Molecular characterization of Mycoplasma pneumoniae isolates in the United States from 2012 to 2018

L. Xiao, A. E. Ratliff, D. M. Crabb, E. Mixon, X. Qin, R. Selvarangan, Y. W. Tang, X. Zheng, J. Dien Bard, T. Hong, M. Prichard, E. Brooks, S. Dallas, L. B. Duffy, K. B. Fowler, T. P. Atkinson, K. B. Waites

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27 Citas (Scopus)


Mycoplasma pneumoniae is a major cause of community-acquired pneumonia. There are limited data in the United States on the molecular epidemiological characteristics of M. pneumoniae. We collected 446 M. pneumoniae-positive specimens from 9 states between August 2012 and October 2018. Culture, antimicrobial susceptibility testing, P1 subtyping, and multilocus VNTR (variable-number tandem repeats) analysis (MLVA) were performed to characterize the isolates. Macrolide-resistant M. pneumoniae (MRMp) was detected in 37 (8.3%) specimens. P1 subtype 2 (P1-2) was the predominant P1 subtype (59.8%). P1 subtype distribution did not change significantly chronologically or geographically. The macrolide resistance rate in P1 subtype 1 (P1-1) samples was significantly higher than that in P1-2 (12.9% versus 5.5%). Six P1-2 variants were identified, including two novel types, and variant 2c was predominant (64.6%). P1-2 variants were distributed significantly differently among geographic regions. Classical P1-2 was more frequent in lower respiratory tract specimens and had longer p1 trinucleotide repeats. Classical P1-2 was most common in MRMp (35.7%), while variant 2c was most common in macrolide-susceptible M. pneumoniae (67.5%). Fifteen MLVA types were identified; 3-5-6-2 (41.7%), 4-5-7-2 (35.3%), and 3-6-6-2 (16.6%) were the major types, and four MLVA clusters were delineated. The distribution of MLVA types varied significantly over time and geographic location. The predominant MLVA type switched from 4-5-7-2 to 3-5-6-2 in 2015. MLVA type was associated with P1 subtypes and P1-2 variant types but not with macrolide resistance. To investigate the M. pneumoniae genotype shift and its impact on clinical presentations, additional surveillance programs targeting more diverse populations and prolonged sampling times are required.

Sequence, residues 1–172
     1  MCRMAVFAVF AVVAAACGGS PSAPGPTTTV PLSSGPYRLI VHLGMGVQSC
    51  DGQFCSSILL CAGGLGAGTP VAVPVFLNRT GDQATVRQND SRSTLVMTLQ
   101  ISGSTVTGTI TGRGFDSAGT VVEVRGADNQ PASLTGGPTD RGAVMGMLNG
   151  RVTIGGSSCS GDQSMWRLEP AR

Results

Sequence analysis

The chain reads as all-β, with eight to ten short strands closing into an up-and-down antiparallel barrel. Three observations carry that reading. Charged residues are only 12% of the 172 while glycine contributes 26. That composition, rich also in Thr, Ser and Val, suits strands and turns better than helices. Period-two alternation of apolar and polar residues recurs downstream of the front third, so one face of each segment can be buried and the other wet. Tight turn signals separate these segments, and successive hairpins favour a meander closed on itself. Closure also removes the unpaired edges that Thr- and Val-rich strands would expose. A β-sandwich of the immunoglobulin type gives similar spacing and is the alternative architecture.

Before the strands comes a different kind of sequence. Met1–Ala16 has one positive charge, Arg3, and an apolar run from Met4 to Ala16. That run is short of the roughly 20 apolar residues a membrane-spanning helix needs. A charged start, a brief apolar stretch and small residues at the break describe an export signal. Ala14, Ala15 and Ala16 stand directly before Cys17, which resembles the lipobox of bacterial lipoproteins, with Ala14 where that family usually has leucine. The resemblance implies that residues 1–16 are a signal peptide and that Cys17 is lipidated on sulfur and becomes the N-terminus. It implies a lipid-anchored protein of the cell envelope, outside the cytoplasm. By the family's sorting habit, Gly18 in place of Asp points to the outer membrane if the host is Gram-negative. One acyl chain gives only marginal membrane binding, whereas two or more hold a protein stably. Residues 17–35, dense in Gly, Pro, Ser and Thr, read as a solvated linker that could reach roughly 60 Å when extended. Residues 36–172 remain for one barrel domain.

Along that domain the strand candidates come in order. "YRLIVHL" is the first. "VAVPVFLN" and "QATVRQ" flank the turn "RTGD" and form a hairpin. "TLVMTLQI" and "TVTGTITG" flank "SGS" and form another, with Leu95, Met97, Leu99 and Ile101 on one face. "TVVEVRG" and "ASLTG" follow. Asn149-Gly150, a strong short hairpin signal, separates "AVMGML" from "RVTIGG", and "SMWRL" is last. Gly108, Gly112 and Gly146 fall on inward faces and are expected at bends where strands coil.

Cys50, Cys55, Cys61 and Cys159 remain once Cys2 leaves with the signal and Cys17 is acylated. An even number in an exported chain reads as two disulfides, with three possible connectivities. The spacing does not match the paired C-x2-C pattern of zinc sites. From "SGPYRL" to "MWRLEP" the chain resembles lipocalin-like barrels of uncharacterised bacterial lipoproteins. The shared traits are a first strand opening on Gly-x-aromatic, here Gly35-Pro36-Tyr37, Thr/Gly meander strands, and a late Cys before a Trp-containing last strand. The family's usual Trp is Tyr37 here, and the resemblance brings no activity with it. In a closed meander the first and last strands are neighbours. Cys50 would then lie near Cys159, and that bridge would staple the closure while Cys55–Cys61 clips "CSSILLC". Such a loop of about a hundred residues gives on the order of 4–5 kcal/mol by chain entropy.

Idioma originalEnglish (US)
Número de artículoe0071020
PublicaciónJournal of clinical microbiology
EstadoPublished - oct 2020

ASJC Scopus subject areas

  • Microbiology (medical)


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